Wednesday, June 24, 2015

Richard Brunton, 38th Regiment, Engraver

At a glance, the military career of Richard Brunton looks ordinary enough. Born in 1749, he learned the trade of an engraver in his native Birmingham, a city well known for metal crafting trades. Some time in the early 1770s he left his profession and enlisted the 38th Regiment of Foot. He may have been seeking adventure like so many young men who enlisted, but we can only guess at his motivations. The regiment was in Ireland at the time, but like most regiments it sent recruiting officers to cities like Birmingham where willing young men might be found.

At 6 feet 1 inch tall, Brunton was a good candidate for the regiment's grenadier company, and by the time the regiment embarked for America in 1774 he was in that company. This indicates that he had more than just good stature; grenadiers were chosen for their good discipline and capability as well as for their physique. The army, it seems, was a good career choice for him.

As a soldier in the 38th Regiment's grenadier company, Brunton probably marched out on 19 April 1775 and witnessed the outbreak of hostilities in the American Revolution. He was also likely present at the savage battle of Bunker Hill where many of his comrades fell dead and wounded. His company, formed into a composite battalion with other grenadier companies, were at the forefront of the campaigns of General Howe's army in 1776, 1777 and 1778, including the battles of Brooklyn, Brandywine, Monmouth and many others. There is no evidence that he was on any detached duty, so he must have become a hardened campaigner accustomed to long marches in heat and cold, nights in makeshift shelters or no shelter at all, steadiness in the rapid and irregular warfare that typified these campaigns, and making due for extended periods with minimal food, clothing and comforts.

The spring of 1779 found the British grenadier battalions on Long Island, preparing for another campaign season after wintering in relative comfort. On 30 May they sailed up the Hudson River, part of a large force under General Sir Henry Clinton; on 1 June, while other troops landed at Stony Point on the western bank, the grenadiers and others landed at Verplanks Point on the eastern shore. There they built a camp composed of wigwams made from brush since their tents and other baggage had not yet been sent up the river; they'd used this method of encampment many times in the previous years. They proceeded to secure their position.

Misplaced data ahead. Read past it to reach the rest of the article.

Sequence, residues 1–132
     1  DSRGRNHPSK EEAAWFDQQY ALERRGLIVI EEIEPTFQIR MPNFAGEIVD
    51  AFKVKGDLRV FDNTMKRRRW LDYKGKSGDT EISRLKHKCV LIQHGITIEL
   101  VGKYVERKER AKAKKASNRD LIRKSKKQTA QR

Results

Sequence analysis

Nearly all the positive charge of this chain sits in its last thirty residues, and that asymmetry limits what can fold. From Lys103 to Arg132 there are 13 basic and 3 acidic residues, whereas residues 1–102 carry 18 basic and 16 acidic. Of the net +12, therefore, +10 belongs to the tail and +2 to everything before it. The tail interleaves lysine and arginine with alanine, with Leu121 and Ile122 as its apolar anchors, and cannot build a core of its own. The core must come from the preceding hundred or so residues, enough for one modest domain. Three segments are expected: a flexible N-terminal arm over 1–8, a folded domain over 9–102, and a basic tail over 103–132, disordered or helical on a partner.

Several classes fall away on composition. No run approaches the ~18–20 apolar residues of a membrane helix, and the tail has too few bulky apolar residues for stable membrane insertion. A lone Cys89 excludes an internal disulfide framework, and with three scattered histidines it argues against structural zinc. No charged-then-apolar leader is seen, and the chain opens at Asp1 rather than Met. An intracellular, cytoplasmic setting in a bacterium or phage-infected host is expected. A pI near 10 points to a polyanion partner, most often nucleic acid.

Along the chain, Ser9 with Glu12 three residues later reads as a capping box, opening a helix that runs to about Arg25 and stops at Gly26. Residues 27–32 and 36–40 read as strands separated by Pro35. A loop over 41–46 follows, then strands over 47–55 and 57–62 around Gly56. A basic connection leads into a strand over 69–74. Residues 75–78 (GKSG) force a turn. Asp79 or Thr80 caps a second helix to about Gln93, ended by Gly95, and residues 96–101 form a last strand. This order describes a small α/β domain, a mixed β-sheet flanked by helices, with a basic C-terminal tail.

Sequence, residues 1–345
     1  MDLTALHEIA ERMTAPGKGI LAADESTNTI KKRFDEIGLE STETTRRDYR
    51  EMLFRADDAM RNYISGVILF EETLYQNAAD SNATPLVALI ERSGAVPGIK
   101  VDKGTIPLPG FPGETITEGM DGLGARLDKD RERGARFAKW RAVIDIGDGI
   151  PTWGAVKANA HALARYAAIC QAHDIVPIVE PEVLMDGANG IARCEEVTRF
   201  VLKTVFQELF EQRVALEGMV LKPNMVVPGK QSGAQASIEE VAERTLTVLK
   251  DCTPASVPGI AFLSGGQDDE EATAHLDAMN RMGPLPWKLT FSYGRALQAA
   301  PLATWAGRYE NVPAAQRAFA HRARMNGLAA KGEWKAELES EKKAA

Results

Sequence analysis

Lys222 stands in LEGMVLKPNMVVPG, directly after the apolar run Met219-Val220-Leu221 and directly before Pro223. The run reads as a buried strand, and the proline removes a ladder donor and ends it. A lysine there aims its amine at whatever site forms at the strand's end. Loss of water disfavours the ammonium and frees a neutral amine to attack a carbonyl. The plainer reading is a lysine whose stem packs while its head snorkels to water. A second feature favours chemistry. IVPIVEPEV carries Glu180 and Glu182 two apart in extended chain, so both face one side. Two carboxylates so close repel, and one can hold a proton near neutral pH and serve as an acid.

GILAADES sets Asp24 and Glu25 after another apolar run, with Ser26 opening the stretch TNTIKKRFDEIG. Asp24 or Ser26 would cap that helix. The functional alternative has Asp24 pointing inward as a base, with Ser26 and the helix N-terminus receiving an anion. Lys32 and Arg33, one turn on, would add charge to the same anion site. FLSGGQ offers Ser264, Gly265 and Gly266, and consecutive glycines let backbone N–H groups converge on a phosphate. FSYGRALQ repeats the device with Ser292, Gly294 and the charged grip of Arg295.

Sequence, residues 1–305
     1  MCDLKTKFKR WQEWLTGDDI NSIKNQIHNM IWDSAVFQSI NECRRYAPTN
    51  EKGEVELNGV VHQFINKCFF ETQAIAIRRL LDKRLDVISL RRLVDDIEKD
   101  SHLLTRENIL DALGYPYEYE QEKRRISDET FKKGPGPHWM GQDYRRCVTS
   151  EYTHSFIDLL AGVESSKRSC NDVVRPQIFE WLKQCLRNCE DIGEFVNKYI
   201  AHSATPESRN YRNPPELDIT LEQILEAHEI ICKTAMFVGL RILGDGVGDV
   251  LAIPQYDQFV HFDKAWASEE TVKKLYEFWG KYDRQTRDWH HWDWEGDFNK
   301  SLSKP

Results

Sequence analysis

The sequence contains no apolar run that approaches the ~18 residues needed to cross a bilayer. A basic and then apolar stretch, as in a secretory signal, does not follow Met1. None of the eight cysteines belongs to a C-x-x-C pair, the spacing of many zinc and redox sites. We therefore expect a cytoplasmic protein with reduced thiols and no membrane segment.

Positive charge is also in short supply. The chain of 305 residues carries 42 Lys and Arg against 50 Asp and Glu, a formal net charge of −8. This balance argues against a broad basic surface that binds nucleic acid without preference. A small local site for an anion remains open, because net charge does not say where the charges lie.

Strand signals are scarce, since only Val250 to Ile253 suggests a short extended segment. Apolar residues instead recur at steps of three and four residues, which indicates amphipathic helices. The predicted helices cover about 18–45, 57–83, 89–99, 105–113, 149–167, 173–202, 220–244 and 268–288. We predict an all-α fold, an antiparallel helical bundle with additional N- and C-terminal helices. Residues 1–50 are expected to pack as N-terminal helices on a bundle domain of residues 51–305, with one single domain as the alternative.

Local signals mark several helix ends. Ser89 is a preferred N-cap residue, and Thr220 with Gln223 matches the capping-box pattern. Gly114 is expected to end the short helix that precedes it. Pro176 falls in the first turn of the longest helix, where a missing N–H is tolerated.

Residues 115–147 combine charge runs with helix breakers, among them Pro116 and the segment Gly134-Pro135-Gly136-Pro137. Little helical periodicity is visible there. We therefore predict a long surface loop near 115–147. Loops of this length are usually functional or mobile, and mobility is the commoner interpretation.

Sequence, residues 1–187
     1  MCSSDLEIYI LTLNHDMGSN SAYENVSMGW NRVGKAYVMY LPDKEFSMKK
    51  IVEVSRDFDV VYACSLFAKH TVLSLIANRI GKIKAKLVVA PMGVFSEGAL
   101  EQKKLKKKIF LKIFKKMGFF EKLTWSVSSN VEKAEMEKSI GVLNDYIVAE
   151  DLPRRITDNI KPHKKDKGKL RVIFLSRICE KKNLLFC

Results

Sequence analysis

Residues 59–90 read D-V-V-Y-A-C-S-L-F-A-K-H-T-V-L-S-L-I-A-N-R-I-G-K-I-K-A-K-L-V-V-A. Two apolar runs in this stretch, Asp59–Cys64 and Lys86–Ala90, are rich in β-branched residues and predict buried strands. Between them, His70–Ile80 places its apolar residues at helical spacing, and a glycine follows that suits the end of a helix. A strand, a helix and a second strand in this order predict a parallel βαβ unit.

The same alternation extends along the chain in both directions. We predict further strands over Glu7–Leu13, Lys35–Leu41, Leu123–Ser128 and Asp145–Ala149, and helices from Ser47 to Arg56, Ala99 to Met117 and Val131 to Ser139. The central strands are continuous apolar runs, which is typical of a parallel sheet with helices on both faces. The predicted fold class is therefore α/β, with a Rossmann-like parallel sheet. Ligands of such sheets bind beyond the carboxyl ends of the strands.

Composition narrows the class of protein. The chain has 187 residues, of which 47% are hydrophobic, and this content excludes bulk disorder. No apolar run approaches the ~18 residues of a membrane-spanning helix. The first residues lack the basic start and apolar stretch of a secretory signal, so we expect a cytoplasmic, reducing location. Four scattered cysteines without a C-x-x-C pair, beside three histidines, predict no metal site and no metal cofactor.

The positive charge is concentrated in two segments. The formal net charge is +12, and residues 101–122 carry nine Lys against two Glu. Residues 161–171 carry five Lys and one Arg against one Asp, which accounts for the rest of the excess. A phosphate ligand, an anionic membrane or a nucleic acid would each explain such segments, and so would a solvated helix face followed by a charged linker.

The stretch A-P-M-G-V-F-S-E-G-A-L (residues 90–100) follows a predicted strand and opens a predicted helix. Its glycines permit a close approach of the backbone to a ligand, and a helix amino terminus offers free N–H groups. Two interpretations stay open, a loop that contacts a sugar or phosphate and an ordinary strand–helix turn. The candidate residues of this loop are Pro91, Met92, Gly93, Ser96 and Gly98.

Perhaps it was restlessness after a long winter, or the irresistible temptation to explore and exploit the surrounding countryside, or even the need to forage for supplemental provisions, that caused the spate of desertions over the next two weeks. Sixteen men absconded from the 1st Battalion of Grenadiers between 3 and 16 June, and presumably others deserted from other corps on Verplanks Point. It was not until the last two men, comrades of Richard Brunton belonging to the 38th Regiment's grenadier company, were caught, tried and sentenced death that the desertions ended. One of the men was pardoned but the other was hanged as an example for the rest. Another deserter who was taken up by American sentries deposed that men were leaving because of harsh treatment by the battalion's commander, but that treatment could've been in response to the first desertions and other irregularities rather than the cause of them. Regardless, Brunton was not there to see the spectacle of his fellow soldier being executed; he had deserted with seven other men on 6 June.

It may be that Brunton simply wandered off during an opportunistic foraging and plundering adventure, but he may have been acting on long-held intentions to leave the service. Whether or not he had a plan when he deserted, he certainly formulated one quickly. He made his way to Boston and set up shop as an engraver, working with others who he may have met when he was part of the city's garrison in 1774, 1775 and 1776. He married in October 1779, to a woman he may have met during the winter of 1777-1778 in Philadelphia.

Richard Brunton's career in the army seemed unremarkable until he deserted, and his reasons for doing so are not known. His subsequent life was characterized by business failures, displacement, criminal activity and other troubles that may have marred his military life as well. In spite of his difficulties, he made a number of singular contributions to American folk art, significant enough that his life and work has been chronicled in a new book. Soldier, Engraver, Forger-Richard Brunton’s Life on the Fringe in America’s New Republic by Deborah M. Child tells the story of this engraver-turned-soldier who established a place for himself in art history even though he never enjoyed success in his life. It includes illustrations of many of Brunton's engravings, paintings and other works which testify to the man's skill as a craftsman. Had he not deserted from the British army, he probably never would have had cause to pursue his trade and create the works that form his legacy.

Learn more about British soldiers in America

1 comment:

  1. Warfare is a fascinating subject. Despite the dubious morality of using violence to achieve personal or political aims. It remains that conflict has been used to do just that throughout recorded history.

    Your article is very well done, a good read.